3.1. Identify barriers to communication
When a support worker or service user uses language the other does not understand, for example when a support worker uses technical terms, or words a SU doesn’t come across every day for example, telling a SU they can’t have a chocolate bar because they have diabetes, the SU may still not understand why they cannot have a chocolate bar, or what diabetes is. Service users that have sensory deprivation may not be able to communicate as effectively, for example deafness is a barrier to talking to that person, sign language can be used. The environment can be a barrier to communication, if someone cannot climb stairs to an office or a doorway is too narrow for a wheelchair to fit. If a person is emotional, very upset or very angry it may cause problems with communication. If a SU speaks another language, or uses slang terms staff are not familiar with this can be a barrier to communication.
3.3. Describe in detail ways to check that communication has been understood
There are several ways to check if you have been understood, firstly you can verbally confirm this and ask the person to repeat it back, making sure everything has been explained. A support worker can also ask a SU if they know what individual key words mean so they can be certain they have been understood, and look at the SU to see if they look confused and upset or happy and clear. Judging the reaction will let you know if communication is understood, and taking actions step by step will also indicate if a SU has understood.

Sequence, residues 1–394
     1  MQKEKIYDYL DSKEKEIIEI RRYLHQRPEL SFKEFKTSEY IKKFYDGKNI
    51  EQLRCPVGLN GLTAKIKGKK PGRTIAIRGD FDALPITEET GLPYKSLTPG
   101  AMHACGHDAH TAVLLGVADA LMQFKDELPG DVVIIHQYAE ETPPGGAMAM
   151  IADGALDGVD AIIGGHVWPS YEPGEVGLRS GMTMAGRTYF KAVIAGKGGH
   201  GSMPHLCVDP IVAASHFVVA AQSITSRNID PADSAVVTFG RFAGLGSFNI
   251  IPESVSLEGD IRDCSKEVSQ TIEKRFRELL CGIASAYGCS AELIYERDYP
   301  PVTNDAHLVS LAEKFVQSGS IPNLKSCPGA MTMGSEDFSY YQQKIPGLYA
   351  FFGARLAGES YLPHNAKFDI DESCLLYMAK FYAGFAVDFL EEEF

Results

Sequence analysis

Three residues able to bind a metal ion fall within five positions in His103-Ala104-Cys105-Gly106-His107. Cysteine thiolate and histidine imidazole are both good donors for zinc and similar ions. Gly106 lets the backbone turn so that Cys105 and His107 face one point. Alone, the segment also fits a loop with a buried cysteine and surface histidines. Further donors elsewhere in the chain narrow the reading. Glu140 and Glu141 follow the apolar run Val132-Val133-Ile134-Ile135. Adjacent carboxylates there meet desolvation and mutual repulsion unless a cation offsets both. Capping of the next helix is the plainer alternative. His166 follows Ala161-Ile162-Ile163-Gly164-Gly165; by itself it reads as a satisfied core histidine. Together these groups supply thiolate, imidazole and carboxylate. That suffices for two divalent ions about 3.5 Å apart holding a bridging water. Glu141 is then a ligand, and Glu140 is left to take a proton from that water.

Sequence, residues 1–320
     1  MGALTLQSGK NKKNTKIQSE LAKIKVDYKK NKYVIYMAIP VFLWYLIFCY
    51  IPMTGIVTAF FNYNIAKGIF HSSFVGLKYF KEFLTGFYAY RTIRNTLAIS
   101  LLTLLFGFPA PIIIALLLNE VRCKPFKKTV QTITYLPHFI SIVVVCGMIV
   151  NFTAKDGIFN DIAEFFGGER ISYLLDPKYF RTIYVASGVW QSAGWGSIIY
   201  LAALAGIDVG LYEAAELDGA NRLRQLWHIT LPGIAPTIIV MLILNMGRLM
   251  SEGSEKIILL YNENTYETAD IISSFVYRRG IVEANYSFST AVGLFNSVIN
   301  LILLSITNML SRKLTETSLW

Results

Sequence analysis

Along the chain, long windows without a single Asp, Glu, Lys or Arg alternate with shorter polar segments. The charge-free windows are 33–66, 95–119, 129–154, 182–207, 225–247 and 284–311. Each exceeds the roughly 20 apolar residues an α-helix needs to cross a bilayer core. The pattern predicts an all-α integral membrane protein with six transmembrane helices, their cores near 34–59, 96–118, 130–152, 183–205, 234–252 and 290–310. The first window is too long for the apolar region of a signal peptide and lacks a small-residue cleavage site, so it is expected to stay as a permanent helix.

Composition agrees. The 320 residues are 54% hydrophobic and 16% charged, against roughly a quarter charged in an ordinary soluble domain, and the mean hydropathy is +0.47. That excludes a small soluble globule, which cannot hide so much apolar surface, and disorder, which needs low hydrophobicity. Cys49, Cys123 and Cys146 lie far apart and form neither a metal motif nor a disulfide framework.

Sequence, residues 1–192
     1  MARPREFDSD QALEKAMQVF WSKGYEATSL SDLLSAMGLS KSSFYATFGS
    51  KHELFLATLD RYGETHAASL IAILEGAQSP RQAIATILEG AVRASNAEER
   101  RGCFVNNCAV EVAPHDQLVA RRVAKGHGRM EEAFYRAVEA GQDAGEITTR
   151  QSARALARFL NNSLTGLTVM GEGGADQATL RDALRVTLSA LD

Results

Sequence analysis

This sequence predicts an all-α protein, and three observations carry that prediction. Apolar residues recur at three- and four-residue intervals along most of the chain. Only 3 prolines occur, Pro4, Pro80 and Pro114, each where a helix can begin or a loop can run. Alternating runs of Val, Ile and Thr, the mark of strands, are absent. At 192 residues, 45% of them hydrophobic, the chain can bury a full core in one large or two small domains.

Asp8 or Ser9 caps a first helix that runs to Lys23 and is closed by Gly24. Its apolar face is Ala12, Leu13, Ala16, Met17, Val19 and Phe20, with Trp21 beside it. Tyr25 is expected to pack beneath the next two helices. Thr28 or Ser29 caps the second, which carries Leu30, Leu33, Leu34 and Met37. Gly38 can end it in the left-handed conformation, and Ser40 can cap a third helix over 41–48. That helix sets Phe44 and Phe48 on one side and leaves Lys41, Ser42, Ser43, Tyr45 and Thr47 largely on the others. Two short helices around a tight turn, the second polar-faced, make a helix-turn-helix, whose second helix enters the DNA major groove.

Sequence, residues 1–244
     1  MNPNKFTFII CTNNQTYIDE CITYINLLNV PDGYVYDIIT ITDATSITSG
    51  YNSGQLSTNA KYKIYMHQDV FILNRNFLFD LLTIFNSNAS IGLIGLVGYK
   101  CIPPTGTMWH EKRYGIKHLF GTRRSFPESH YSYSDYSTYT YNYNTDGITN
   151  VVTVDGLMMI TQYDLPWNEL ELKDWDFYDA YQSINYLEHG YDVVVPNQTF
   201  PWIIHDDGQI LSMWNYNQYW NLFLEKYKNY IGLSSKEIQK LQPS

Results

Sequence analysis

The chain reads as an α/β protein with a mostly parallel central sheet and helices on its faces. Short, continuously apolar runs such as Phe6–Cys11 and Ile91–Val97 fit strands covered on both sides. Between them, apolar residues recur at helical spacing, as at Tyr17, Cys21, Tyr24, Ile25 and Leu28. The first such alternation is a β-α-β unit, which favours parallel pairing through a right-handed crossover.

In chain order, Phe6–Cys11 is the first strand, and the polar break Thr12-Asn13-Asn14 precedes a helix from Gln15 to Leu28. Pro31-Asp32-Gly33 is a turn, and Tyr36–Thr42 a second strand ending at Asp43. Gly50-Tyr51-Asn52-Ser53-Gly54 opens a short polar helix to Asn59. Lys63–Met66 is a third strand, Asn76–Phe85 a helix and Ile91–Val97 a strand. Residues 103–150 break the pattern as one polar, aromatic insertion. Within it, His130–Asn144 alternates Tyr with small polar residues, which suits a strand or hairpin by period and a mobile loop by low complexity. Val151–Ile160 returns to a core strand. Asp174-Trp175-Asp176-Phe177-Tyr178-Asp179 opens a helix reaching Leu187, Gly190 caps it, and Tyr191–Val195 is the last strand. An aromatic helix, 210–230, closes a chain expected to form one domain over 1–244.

3.4. Identify sources of information and support or services to enable more effective communication.
Advocacy service will provide an advocate to speak on behalf of someone who cannot speak for themselves, the advocate makes sure decisions made are for the benefit of the individual and not another person. A speech therapist could help someone who struggles to communicate with words more skilled. A translator can...
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